Pakistan government has decided to hold a new session of the National Assembly and the Senate on September 14 and 15 respectively to pass important bills, including one related money laundering and terrorist financing, which was earlier rejected by the upper house of Parliament.
The decision to call the fresh sessions was taken during a meeting between Prime Minister Imran Khan and his adviser on parliamentary affairs Babar Awan on Monday, according to a media report. Awan called on the prime minister following the postponement of the Senate and National Assembly (NA) sessions scheduled for Monday.
According to a press release, various matters of importance came for discussion during the meeting. It has been decided that the fresh session of the National Assembly will be held on September 14 and that of the Senate on September 15, Awan told Dawn newspaper.
He said the FATF-related money laundering and terrorist financial bill and other bills would be tabled before the two houses for fresh legislation. The Paris based Financial Action Task Force (FATF) put Pakistan on the grey list in June 2018 and asked Islamabad to implement a plan of action by the end of 2019 but the deadline was extended later due to COVID-19 pandemic.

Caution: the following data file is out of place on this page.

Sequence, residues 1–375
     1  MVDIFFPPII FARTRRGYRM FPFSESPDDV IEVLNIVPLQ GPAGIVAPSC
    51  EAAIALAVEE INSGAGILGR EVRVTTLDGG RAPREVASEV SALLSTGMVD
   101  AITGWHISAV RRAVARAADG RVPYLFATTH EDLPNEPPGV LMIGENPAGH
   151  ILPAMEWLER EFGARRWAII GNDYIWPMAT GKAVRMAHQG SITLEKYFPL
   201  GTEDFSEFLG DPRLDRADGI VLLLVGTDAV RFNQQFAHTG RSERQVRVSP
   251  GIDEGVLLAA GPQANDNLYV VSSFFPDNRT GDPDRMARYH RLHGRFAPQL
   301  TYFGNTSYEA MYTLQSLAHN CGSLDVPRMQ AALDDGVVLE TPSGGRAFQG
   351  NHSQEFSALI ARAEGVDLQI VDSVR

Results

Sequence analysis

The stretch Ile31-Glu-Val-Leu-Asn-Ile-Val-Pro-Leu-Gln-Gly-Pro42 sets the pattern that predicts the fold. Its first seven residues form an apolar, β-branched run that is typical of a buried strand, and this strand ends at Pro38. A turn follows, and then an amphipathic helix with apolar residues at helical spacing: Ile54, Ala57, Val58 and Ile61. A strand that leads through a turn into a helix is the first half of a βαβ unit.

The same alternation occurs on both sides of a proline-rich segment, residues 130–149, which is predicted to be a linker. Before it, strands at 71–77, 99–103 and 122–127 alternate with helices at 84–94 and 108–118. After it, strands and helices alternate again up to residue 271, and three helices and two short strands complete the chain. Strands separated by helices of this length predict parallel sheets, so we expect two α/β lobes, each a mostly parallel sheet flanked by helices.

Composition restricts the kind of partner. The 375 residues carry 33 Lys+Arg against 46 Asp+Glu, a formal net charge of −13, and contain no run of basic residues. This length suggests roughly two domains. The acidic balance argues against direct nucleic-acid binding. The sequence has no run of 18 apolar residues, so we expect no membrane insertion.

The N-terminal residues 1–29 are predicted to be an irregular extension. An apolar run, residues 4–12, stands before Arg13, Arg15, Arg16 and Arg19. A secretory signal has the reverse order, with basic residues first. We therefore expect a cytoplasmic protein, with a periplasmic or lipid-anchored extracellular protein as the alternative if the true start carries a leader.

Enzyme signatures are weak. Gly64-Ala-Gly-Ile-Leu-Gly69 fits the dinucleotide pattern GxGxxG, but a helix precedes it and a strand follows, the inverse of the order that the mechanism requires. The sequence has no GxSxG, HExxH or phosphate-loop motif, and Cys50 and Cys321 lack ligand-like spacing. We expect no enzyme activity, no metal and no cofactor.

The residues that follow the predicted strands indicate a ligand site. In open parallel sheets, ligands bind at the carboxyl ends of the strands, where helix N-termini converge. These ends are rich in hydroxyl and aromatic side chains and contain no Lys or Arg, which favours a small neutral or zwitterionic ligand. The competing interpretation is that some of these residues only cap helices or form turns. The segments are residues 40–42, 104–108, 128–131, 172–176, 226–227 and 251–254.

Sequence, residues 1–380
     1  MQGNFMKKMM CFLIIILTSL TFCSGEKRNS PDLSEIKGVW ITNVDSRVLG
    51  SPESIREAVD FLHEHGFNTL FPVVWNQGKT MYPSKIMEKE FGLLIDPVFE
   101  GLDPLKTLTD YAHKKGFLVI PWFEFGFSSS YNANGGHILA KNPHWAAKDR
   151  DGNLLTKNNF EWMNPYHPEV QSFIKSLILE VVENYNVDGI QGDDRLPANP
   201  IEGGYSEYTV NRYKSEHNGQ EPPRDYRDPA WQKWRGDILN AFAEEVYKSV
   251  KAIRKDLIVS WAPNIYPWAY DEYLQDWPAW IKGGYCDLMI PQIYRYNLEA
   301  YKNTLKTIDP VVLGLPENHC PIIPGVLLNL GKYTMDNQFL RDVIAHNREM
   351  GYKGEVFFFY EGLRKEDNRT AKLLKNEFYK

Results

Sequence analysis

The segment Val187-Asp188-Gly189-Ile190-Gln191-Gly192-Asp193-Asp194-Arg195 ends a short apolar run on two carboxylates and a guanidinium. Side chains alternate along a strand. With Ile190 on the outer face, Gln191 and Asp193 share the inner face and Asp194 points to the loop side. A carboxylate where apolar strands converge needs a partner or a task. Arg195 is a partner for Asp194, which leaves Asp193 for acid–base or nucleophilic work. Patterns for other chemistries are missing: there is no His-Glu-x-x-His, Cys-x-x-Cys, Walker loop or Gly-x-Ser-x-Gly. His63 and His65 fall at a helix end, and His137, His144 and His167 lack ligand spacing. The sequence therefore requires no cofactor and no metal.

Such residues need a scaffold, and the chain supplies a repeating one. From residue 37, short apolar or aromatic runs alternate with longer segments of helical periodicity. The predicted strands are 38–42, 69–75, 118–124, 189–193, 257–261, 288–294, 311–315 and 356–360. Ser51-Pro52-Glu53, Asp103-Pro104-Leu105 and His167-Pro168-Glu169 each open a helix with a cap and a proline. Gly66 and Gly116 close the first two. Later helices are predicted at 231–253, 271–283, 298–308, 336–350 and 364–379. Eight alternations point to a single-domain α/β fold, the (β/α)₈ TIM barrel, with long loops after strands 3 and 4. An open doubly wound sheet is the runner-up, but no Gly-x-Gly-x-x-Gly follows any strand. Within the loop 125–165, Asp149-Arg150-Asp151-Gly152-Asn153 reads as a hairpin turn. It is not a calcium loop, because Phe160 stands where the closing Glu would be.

Asked why already convened sessions of the Senate and the NA were shelved, the adviser said they were postponed due to the devastation caused by the recent rains across the country. Regarding the FATF-related bills, he said the government would not allow any delay in the passage of "bills of national interest".
In reply to a question about the convening of a joint sitting of parliament to get the FATF-related bills passed if the Opposition objected to them again, he said no date for the sitting had been decided so far. Two days ago, Awan had said the government was considering referring the Anti-Money Laundering (Second Amendment) Bill and the Islamabad Capital Territory Waqf Properties Bill - both rejected by the Senate - to the joint sitting of Parliament.
The 104-member Opposition-dominated Senate had rejected the two bills on August 25 through a voice vote. In its third and final plenary held virtually due to the COVID-19 pandemic in June, the FATF decided to keep Pakistan in the "grey list" as Islamabad failed to check the flow of money to terror groups like Lashkar-e-Taiba (LeT) and Jaish-e-Mohammed (JeM).
With Pakistan's continuation in the 'grey list', it will be difficult for the country to get financial aid from the IMF, World Bank, ADB and the European Union, thus further enhancing problems for the nation which is in a precarious financial situation. If Pakistan fails to comply with the FATF directive by October, there is every possibility that the global body may put the country in the 'Black List' along with North Korea and Iran.
The FATF is an inter-governmental body established in 1989 to combat money laundering, terrorist financing and other related threats to the integrity of the international financial system.